A few minutes later, we arrive at the driveway of the pastoral Perennial Inn and its late-1800s white farmhouse wrapped in porches. Beside it is a formidable red barn with a stone foundation. We’ve logged 26 miles on this first afternoon in western Maine, and Darlene Ginsberg greets us with an invitation to grab a glass of wine or bottle of beer. She’s kicked back in a patio chair on the back porch herself, and a couple of logs are burning nearby in a firepit encircled by Adirondack chairs. If you’re hungry, she says, the barbecued pork (from the farm’s own hogs!), potato salad, fiddleheads, and sweet corn will be ready soon. Since there are no restaurants within several miles, and we’re without a car, we’re lucky enough to be included in the hosts’ family-style supper. Everything is homemade by Darlene, who’s been visiting ski mountains in this part of Maine since the 1970s. She moved to western Maine in the late-1990s to work at Sunday River and later found the rambling Rumford Point house and hillside farm. The property’s primary attraction, for her, is the “peacefulness and the quiet. It’s amazing how noisy every place else is in comparison.” She now keeps horses, five or six goats, and a flock of chickens in the pastures and barn. Our bicycles are stowed inside that barn overnight, too.
Roosters are crowing in the morning, and we’re up early for a longer day’s ride. In a mix of clouds and sun, we hit some steep climbs and then the long coast downhill into the heart of Rumford, population about 6,000. The mill town’s wide waterfall is thundering, and we cycle around blocks of historic brick buildings downtown. It might not have been the best idea for our bike’s skinnier road tires to spin directly past the mill action, but they do. Rock grit and sawdust is strewn along the roadside, and trucks and train cars move in and out of the industrial workyards among pyramid-high piles of gravel and wood chips. We stop briefly on an overpass to take in the scene amid the roaring engines, action that’s as busy as a hive. “The view’s great if you like abstract and gritty,” Darlene had said at breakfast, when she recommended the route. “I’ve come to love it.”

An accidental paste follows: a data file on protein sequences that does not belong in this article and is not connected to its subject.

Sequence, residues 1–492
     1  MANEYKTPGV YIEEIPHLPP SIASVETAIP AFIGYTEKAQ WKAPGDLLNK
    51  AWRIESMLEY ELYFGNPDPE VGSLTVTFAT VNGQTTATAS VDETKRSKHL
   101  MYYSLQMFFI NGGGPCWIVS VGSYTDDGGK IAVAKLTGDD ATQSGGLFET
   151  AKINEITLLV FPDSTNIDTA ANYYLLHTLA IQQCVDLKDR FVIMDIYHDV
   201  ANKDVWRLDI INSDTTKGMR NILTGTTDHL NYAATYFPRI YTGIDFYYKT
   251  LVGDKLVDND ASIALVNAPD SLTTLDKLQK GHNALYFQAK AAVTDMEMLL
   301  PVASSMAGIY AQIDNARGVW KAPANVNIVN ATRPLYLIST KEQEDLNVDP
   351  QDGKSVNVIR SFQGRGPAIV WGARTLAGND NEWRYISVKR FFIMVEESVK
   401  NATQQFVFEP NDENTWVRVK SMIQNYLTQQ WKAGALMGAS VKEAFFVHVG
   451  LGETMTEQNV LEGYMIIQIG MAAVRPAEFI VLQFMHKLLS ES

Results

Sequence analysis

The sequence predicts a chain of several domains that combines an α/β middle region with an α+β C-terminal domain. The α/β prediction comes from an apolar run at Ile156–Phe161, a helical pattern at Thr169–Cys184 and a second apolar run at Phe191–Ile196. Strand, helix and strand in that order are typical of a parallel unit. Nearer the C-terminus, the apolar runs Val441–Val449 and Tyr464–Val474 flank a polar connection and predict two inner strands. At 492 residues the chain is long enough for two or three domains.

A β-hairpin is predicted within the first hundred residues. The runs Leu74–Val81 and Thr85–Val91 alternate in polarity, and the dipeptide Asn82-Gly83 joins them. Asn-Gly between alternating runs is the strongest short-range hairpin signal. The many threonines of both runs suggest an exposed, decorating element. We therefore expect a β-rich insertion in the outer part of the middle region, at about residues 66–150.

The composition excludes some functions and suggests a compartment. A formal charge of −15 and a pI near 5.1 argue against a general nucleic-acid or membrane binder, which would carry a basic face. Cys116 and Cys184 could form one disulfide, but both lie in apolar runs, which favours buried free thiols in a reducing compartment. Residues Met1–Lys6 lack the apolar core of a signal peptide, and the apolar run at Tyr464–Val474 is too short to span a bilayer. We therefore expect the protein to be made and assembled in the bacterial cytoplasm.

WINDING UP TO WILTON
A few miles farther along Route 2 and the Androscoggin River is Dixfield, with signs proclaiming the 1,000-resident town “The Only One” in large letters. I learn that this proud declaration of individualism relates to the fact that no other town has the Dixfield name. We lean our bikes on a wide tree trunk at the Front Porch Cafe. Inside, curio cabinets and every inch of wall space is hung with country collectibles. Meatloaf is one of the daily specials at this locals’ gathering place. At the table in front of a fireplace mantle, a customer with “We the People” tattooed on his arm is talking about difficulties of the nation’s divisive politics. His neighbors are nodding.